New York Times: The Unlikely Activists Who Took On Silicon Valley — and Won

August 14, 2018

The way Alastair Mactaggart usually tells the story of his awakening — the way he told it even before he became the most improbable, and perhaps the most important, privacy activist in America — begins with wine and pizza in the hills above Oakland, Calif. It was a few years ago, on a night Mactaggart and his wife had invited some friends over for dinner. One was a software engineer at Google, whose search and video sites are visited by over a billion people a month. As evening settled in, Mactaggart asked his friend, half-seriously, if he should be worried about everything Google knew about him. “I expected one of those answers you get from airline pilots about plane crashes,” Mactaggart recalled recently. “You know — ‘Oh, there’s nothing to worry about.’ ” Instead, his friend told him there was plenty to worry about. If people really knew what we had on them, the Google engineer said, they would flip out.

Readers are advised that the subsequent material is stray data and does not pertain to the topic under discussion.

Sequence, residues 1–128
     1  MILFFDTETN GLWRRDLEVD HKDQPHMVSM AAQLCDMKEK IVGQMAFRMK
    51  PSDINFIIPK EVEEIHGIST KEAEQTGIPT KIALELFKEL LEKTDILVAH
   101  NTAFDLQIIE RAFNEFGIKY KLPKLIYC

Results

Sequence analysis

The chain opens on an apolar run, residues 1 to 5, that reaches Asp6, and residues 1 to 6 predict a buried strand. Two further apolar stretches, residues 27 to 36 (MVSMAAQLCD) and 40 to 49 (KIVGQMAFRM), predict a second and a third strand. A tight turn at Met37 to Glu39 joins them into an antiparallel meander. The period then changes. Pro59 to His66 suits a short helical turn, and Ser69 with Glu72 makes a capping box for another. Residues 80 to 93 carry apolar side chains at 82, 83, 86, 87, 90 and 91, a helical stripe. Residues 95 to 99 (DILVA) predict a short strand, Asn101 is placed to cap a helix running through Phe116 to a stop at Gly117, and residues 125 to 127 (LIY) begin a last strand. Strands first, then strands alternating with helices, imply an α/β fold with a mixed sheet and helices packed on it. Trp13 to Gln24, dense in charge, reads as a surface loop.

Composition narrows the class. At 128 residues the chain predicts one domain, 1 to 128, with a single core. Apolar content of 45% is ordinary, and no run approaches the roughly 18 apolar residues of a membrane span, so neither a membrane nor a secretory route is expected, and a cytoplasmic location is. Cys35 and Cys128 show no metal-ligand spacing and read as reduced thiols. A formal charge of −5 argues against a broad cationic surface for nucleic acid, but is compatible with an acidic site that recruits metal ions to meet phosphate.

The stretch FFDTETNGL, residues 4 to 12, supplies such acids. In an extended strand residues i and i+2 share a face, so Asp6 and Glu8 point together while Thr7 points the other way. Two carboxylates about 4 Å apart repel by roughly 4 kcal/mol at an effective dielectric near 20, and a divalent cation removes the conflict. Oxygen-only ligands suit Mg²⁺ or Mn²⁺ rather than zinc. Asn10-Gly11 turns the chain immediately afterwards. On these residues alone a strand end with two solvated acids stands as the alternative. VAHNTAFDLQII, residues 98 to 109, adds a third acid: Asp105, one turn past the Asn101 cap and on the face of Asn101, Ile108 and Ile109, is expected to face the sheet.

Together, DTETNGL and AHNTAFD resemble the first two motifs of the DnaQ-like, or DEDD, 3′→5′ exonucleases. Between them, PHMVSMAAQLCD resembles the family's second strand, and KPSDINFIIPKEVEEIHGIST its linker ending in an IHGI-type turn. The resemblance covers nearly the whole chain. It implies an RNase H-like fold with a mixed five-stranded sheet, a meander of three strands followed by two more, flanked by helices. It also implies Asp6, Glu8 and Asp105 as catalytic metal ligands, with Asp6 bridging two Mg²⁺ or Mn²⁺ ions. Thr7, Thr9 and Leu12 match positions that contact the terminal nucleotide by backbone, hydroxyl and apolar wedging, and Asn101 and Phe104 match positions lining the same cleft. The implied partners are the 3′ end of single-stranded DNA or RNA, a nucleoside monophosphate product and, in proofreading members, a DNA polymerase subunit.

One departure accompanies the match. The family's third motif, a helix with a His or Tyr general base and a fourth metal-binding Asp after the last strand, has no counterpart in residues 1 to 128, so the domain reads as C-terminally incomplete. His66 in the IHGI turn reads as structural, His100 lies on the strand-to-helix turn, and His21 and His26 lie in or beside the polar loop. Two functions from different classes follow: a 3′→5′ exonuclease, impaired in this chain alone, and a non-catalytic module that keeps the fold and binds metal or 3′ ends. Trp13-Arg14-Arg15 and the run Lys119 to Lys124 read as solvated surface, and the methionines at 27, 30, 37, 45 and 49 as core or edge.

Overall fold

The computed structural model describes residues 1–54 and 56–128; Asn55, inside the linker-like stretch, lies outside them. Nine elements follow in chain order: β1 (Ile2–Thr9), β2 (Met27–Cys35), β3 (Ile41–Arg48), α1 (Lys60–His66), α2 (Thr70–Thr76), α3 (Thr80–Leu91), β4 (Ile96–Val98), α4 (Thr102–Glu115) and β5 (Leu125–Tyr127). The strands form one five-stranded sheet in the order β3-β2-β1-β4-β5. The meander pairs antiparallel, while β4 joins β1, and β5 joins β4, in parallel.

[...]

The language of the resulting ballot initiative, which Mactaggart finalized last November, reflected lessons from the painful failure of Obama privacy’s initiative. It wasn’t called a “bill of rights.” And on its face, it was not a frontal attack on the giants of Silicon Valley. Mactaggart’s proposal instead took aim at the so-called third-party market for personal data, in which companies trade and sell your information to one another, mostly without your knowing about it.

To read the full story, click here: https://www.nytimes.com/2018/08/14/magazine/facebook-google-privacy-data.html

Read More

More Updates

If you’ve come to our site from a search engine like Google or a social platform like Facebook, your information is possibly being collected, tracked, and shared by them. Learn more and/or opt-out of some sharing on CAPrivacy.org.
Your browser has javascript disabled or does not support javascript, some site functionality may not work as a result